Inequality in the UK is increasing year on year; a fact highlighted in recent months by releases from Oxfam, the Resolution Foundation and the Joseph Rowntree Foundation. These reports come as Philip Hammond is rumoured to be announcing a plan to ‘extend austerity’ in next week’s Spring Budget: policies estimated to hit the poorest the hardest.
Why is inequality an issue?
Wilkinson & Pickett provide ample evidence that as the gap between the richest and the poorest increases, happiness and levels of fulfilment decrease; not only for those at the bottom, but for those at the top too. This gap, and the stress associated with it, is contributing towards mental health issues and reducing productivity at work – bad for both business and society.
Inequality also decreases levels of social mobility. As gaps in society widen, it becomes harder to move up and down the ladder: meaning that those who start life at the bottom are likely to stay there.
To top it off, inequality significantly affects the economy and the size of the spending market. People on low earnings are less able to buy anything deemed unnecessary for survival. This stands to significantly limit the ability for growth for organisations within the consumer-goods market.
If left untreated, rising levels of inequality could damage societal cohesion and lessen demands on the market: ultimately impacting business success. Therefore, acting on inequality is both a moral and business imperative.
How is business related to inequality?
Evidence suggests that some businesses may operate with an unconscious bias: offering job and training opportunities to those who are already well-educated or similar to the in-keeping stereotype. Practices such as these fail to address inequality in wider society, by doing little to empower those on the lower rungs of the ladder. These practices reinforce echo chambers and do not recognise the value that inclusion of different backgrounds, circumstance and voice may add to the organisation – factors which are increasingly recognised as powerful perspectives within our current society.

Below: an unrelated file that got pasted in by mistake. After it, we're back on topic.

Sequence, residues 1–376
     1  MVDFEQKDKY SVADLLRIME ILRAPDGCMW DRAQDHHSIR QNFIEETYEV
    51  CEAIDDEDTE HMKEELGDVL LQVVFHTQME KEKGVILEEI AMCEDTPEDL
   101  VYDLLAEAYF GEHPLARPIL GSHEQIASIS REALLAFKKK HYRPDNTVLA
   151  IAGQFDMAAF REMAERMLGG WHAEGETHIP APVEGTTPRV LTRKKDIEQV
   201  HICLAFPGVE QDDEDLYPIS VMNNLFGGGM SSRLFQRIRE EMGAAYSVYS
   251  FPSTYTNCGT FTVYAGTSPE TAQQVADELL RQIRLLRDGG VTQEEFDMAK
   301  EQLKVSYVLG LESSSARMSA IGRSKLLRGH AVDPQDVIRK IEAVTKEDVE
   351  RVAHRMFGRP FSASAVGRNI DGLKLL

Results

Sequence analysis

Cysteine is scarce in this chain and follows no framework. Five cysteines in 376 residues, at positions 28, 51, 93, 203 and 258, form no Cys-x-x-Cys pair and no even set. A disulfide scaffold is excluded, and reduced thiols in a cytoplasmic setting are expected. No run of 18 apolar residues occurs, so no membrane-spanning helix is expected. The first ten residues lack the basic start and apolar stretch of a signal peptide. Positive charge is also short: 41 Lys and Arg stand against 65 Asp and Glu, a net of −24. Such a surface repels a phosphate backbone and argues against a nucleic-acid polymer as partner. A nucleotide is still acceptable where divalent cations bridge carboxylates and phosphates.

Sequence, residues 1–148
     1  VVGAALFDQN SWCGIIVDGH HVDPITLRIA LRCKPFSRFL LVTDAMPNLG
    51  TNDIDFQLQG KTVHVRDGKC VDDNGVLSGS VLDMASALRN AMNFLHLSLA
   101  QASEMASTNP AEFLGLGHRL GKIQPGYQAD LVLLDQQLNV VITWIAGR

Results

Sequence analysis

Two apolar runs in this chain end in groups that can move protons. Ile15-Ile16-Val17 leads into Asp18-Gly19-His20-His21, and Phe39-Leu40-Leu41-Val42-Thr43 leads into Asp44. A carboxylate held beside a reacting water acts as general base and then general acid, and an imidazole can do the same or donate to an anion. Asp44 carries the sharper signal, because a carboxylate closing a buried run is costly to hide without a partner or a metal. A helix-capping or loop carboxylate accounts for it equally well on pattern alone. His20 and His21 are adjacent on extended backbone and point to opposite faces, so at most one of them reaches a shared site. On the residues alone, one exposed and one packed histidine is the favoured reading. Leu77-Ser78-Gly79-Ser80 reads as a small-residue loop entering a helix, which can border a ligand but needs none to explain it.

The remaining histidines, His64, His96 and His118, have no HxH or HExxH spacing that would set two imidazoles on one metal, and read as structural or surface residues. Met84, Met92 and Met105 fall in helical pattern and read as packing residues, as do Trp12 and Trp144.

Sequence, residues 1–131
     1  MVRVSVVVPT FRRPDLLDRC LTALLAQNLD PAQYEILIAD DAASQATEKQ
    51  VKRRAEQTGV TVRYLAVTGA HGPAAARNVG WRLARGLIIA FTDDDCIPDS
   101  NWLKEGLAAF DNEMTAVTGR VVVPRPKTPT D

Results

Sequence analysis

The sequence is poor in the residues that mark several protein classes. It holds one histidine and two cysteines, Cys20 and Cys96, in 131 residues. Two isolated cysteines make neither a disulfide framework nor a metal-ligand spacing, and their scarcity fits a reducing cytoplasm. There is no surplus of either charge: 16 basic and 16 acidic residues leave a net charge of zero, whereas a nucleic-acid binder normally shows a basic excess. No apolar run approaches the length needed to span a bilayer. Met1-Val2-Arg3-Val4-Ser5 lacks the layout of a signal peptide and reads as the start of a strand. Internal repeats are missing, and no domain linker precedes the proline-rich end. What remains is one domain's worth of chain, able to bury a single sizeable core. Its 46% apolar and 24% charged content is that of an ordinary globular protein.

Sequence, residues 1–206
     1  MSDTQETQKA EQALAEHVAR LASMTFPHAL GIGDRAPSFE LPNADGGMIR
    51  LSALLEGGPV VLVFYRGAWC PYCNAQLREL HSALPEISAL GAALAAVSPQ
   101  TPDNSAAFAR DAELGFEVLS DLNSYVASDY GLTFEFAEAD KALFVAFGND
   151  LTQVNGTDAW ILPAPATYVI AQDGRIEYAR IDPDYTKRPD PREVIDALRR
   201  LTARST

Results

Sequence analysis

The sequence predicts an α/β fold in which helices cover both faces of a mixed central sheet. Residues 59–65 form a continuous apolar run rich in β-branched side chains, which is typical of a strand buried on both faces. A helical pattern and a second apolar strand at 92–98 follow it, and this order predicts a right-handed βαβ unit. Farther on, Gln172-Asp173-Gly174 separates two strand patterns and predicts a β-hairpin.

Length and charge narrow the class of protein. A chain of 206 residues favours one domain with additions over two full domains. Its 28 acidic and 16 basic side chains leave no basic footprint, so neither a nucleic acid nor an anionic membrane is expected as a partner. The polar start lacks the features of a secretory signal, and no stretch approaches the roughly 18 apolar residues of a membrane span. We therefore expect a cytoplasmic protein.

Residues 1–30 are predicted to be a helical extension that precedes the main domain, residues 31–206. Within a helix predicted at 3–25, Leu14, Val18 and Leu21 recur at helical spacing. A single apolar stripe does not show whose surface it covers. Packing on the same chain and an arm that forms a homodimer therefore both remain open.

The second way that business is related to inequality, is through pay. If organisations have a narrow focus on maximising short term profit and see people as a resource to exploit, as opposed to an asset, they may miss the opportunity to value their employees at their full worth. Many remuneration packages today are based on the financial contribution (in terms of revenue created) of an individual to a company. The company seeks to reciprocate that value, also in monetary terms: via a high pay cheque.
This narrow perspective assumes that people are inherently motivated by money. An alternative view, is that people value respect, dignity and a richness in their quality of relationships with others. Therefore whilst they want to be paid fairly, many people may prefer a purposeful existence and a positive working environment over a large pay packet – evidence keenly demonstrated by the number of millennials now choosing purpose over pay.
By looking more broadly at the contribution each person makes, business has the chance to recognise a wider remit of what ‘value added’ means, and how that value can be demonstrated and reciprocated to the individual. This is particularly prevalent when, on aggregate, 80% of company assets are now intangible (such as brand, intellectual property and human capital).
If businesses were to widen their focus of what they value and how they express that value to their employees, the disparity in pay between the highest and lowest ranks of an organisation, and between different departments and job functions, may well be decreased– therefore reducing inequality both at a company and societal level.
Businesses can choose to operate in a way which either lessens or proliferates inequality. If we are to strive for the creation of a sustainable, just and equal society, business leaders must firstly recognise their role in this debate, and secondly begin to question: who do I value? And how do I value them?
On Tuesday 7th March, Blueprint is running a panel debate and film screening to discuss inequality. Please click here for more information and to register your attendance.